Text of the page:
The Microbiology Department is part of the Laboratory Medicine (LabMed) Directorate. The department is primarily involved in the diagnosis of infectious diseases and provides a routine diagnostic service to St James’s Hospital and to general practitioners (GPs) in the catchment area.
There are three main sections to the Microbiology Laboratory.
For information in regard to the test repertoire offered, specimen requirements for ordering, collection and transport, frequency of testing, turnaround times, information on storage of samples in the event of a delay in transport to the laboratory and relevant notes specific to each test, please refer to:
The Labmed User Guide: http://search.stjames.ie/Labmed/
For critical phone limits for Microbiology St James’s Hospital please see : LF MICRO 0456 Critical Phone Limits Microbiology St James's Hospital
In the case where chain of evidence is required for a given specimen please ensure to complete relevant sections of LF-MICRO-0475 Laboratory Chain of Evidence Form.
Additional Tests Requests
Please contact the Microbiology Department if additional testing is required. Samples are stored for different lengths of time, so direct communication with Microbiology is required.
Note the definitions we use when we categorise organisms as susceptible, intermediate or resistant are defined below
*Exposure is a function of how the mode of administration, dose, dosing interval, infusion time, as well as distribution and excretion of the antimicrobial agent will influence the infecting organism at the site of infection.
(Ref: The European Committee on Antimicrobial Susceptibility Testing - EUCAST https://www.eucast.org/newsiandr/)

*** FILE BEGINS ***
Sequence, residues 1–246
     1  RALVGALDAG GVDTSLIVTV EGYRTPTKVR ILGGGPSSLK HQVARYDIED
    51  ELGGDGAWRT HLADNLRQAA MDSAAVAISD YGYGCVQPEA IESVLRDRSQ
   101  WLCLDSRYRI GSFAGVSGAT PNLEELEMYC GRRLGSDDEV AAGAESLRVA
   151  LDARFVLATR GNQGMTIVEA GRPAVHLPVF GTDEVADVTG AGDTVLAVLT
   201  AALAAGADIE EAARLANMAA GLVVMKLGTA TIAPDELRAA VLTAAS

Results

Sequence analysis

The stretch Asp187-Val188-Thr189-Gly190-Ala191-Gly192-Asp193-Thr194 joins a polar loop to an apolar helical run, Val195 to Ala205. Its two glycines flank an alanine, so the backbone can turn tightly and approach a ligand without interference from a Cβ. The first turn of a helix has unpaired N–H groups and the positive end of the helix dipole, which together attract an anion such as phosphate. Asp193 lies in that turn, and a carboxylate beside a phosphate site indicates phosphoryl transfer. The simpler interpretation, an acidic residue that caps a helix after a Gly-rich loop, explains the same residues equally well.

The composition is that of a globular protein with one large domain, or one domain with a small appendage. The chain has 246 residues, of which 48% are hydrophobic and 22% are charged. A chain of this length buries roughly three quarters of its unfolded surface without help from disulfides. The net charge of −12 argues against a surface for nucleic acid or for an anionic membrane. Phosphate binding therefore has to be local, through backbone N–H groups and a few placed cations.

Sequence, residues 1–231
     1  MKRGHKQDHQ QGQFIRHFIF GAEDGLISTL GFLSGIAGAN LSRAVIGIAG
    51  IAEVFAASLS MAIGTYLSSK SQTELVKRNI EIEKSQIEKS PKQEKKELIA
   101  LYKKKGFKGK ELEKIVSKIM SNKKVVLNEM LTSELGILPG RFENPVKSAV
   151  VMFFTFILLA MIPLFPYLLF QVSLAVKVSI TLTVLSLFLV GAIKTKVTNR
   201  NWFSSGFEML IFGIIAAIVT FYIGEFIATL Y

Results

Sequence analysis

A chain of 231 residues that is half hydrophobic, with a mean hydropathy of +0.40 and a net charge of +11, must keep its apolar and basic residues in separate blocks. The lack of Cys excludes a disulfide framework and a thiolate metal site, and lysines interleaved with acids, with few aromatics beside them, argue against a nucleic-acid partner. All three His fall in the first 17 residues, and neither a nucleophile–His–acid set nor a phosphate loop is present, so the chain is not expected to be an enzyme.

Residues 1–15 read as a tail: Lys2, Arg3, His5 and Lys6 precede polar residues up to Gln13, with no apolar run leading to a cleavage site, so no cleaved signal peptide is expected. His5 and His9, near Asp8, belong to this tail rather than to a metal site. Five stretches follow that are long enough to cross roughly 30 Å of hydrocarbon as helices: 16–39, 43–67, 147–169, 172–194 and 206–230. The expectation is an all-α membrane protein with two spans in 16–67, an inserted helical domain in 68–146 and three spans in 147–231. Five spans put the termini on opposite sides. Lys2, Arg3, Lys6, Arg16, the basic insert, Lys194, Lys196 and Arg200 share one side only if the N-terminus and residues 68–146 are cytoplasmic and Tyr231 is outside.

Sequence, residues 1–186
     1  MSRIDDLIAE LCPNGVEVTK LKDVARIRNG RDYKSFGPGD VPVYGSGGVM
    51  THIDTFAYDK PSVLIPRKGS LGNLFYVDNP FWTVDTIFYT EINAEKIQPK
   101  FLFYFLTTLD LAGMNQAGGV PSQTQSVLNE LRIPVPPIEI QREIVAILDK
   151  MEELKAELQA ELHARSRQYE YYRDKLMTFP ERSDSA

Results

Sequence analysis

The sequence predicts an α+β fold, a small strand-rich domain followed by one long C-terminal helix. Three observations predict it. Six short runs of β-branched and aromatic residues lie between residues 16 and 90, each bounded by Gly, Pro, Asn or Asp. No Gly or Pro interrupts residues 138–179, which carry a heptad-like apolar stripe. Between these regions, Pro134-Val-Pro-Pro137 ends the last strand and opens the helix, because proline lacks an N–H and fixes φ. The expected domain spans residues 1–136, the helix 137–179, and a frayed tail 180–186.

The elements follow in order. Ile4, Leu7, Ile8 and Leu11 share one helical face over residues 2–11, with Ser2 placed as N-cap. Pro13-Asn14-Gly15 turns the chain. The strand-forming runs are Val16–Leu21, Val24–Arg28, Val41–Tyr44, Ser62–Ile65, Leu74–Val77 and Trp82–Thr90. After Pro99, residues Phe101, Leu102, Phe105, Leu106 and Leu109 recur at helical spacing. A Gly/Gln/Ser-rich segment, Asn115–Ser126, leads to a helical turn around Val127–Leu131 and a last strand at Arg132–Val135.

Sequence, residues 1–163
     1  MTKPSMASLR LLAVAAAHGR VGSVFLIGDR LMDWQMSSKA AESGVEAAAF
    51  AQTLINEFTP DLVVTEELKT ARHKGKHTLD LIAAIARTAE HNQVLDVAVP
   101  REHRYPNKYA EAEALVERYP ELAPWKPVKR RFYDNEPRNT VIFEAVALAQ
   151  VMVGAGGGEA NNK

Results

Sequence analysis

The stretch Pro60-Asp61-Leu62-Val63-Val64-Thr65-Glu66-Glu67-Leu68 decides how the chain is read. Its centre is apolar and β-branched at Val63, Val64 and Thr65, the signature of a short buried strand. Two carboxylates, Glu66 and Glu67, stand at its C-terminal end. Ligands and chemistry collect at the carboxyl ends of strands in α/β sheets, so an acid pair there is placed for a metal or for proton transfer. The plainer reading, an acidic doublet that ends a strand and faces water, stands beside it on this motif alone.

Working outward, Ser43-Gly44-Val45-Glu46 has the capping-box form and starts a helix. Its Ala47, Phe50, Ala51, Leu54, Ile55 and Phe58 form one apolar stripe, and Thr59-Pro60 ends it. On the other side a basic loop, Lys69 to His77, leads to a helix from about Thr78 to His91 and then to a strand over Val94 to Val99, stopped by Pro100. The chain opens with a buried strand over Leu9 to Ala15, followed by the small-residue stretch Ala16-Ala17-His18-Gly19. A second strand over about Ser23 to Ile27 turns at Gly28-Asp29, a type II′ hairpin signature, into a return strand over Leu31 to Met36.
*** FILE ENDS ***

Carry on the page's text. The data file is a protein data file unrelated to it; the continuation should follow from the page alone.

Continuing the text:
Involves the diagnostic identification of antibodies in serum. Such antibodies are typically formed in response to an infection (against a given microorganism). Serological tests for antibodies to HIV, Hepatitis B & C and Syphilis are, among others, available in the Clinical Microbiology department.
Employs a highly sensitive technique known as Polymerase chain reaction (PCR) to amplify (replicate many times) a specific target DNA sequence in order to detect a particular pathogen. Molecular Microbiology, like Serology, is employed when the suspected microbial agent either cannot be isolated in culture by any known method or can be isolated in culture only with great difficulty (e.g. Chlamydia).
Please contact the Microbiology Medical Scientist on-call who is available via the switchboard. (01) 4103000
Note that the Microbiology Medical Scientist must be bleeped for urgent specimens to be processed out of hours, users should not telephone the laboratory as telephones are not staffed out of routine hours
Monday to Friday 8pm to 8am
Saturday 1pm to 12am
Sunday 24 hours
Advice regarding diagnosis and treatment of infection is available at all times. For out of hours advice including infection control advice, please contact the on-call consultant microbiologist via switchboard (01) 4103000 or on-call Medical Scientist.